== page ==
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Who is harming who in Physiotherapy?

The recent lively debate in Physiotherapy surrounding the current narrative of 'harm' has perhaps made Roger Kerry's words "Will physiotherapy eat itself?" echo louder.

'Harm' has a range of definitions and thus, may be interpreted in a number of ways. This short presentation delves into the tiny amount of evidence and data behind the narrative of 'harm', and comes up with some surprising findings and a message for those purveyors of that narrative.

NOTE: The study quoted 'Lessons to Be Learned: A Retrospective
Analysis of Physiotherapy Injury Claims' from the Journal of orthopaedic & sports physical therapy volume 42 number 8 Aug 2012. is specific to the New Zealand ACC system.

The uniqueness of the data, which were derived from a no-fault treatment-claim system, precludes comparison with data from other classification systems used for adverse-reaction reporting

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Who is harming who in Physiotherapy?

  1. 1. Who is harming who? Unraveling the ‘narrative of ‘harm in Physiotherapy Alan J Taylor @TaylorAlanJ
  2. 2. Very few entered the physiotherapy profession to do harm … @TaylorAlanJ
  3. 3. Yet we keep hearing from Physiotherapists … that some physio’s are causing ‘harm’ … Really?…Why is that? … and is it true? @TaylorAlanJ
  4. 4. No one actually knows … There’s a theory that it may be linked to a frustration at the slow pace of change within the profession … but that remains a theory with only anecdotal evidence to support it. @TaylorAlanJ
  5. 5. WHAT IS … ? Well … this is the difficult bit, no one seems to know! What we do know is that: 1. There are multiple definitions and interpretations of harm 2. There is very little actual data on ‘harm’ or harmful treatments in Physiotherapy 3. Most of the claims for harm appear to be based on opinion rather than hard scientific data. @TaylorAlanJ
  6. 6. Its tough to find hard data on ‘harm’ in Physiotherapy To date, we have discovered a lot of anecdotal talk of ‘harm’, a few single case studies and a retrospective analysis of actual (defined) cases of harm from New Zealand @TaylorAlanJ
  7. 7. So what did the Kiwi audit paper have to say? Oh … the findings were more than a little surprising! TELL ME MORE …. @TaylorAlanJ
  8. 8. How did they define ‘harm’? Here’s how … Source: https://www.jospt.org/doi/pdf/10.2519/jospt.2012.3877?download=true @TaylorAlanJ
  9. 9. Here’s what they Source: https://www.jospt.org/doi/pdf/10.2519/jospt.2012.3877?download=true @TaylorAlanJ
  10. 10. The key points were: Claims filed for injury incurred during physiotherapy consultations showed that the prevalence of exercise-related injuries exceeded those of other common therapeutic options employed by physiotherapists. IMPLICATIONS: The wide range of physical therapy treatment injuries linked with exercise activities underlines the need to ensure that careful consideration is given to exercise prescription and the level of supervision. Source: https://www.jospt.org/doi/pdf/10.2519/jospt.2012.3877?download=true@TaylorAlanJ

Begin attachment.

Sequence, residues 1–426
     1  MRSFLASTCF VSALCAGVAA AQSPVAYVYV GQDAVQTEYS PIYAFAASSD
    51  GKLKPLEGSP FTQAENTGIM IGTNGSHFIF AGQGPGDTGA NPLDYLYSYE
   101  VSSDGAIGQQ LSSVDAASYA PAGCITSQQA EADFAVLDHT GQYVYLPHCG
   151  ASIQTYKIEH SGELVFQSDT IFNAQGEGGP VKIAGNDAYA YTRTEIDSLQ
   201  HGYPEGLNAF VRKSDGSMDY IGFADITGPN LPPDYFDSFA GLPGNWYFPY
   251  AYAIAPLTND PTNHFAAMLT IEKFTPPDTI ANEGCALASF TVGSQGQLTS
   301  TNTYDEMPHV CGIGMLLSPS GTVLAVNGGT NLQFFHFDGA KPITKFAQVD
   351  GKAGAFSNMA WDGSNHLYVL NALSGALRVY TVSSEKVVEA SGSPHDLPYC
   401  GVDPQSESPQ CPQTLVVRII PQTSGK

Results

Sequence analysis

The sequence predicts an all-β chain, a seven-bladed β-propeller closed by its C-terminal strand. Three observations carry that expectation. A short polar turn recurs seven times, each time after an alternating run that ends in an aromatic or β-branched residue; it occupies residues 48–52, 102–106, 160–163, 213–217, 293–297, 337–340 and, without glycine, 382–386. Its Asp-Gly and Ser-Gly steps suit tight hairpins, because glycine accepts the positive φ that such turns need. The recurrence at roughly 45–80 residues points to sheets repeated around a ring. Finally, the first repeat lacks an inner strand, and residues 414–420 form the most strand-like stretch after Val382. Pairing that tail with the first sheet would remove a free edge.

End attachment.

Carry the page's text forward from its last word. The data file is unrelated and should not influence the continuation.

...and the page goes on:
11. 11. Does that mean that exercise prescription is harmful then? @TaylorAlanJ
  12. 12. The short answer is NO! That is where a risk benefit analysis comes in Exercise is shown by evidence to be one of our most efficacious interventions and the risks are still relatively small OK … what have we learnt? That non evidential claims of ‘harm’ without appropriate risk/benefit analysis may be actually detrimental to our profession Choose your words carefully. @TaylorAlanJ
  13. 13. The bottom line on harm … • If a treatment or advice is not efficacious … say so (use RCT evidence). • If it is uneconomical or costly … say so (use health economics evidence). • If it is 'harmful' ... provide a definition, a measure and data, any data. • If it is 'dangerous' ... provide data and a proposed risk assessment strategy, root cause analysis or both. • Above all ... use plain English, with clear and agreed definitions. • Otherwise folks … Physio will eat itself! @TaylorAlanJ

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  • MadeleineBoots

    Jun. 13, 2019

The recent lively debate in Physiotherapy surrounding the current narrative of 'harm' has perhaps made Roger Kerry's words "Will physiotherapy eat itself?" echo louder. 'Harm' has a range of definitions and thus, may be interpreted in a number of ways. This short presentation delves into the tiny amount of evidence and data behind the narrative of 'harm', and comes up with some surprising findings and a message for those purveyors of that narrative. NOTE: The study quoted 'Lessons to Be Learned: A Retrospective Analysis of Physiotherapy Injury Claims' from the Journal of orthopaedic & sports physical therapy volume 42 number 8 Aug 2012. is specific to the New Zealand ACC system. The uniqueness of the data, which were derived from a no-fault treatment-claim system, precludes comparison with data from other classification systems used for adverse-reaction reporting

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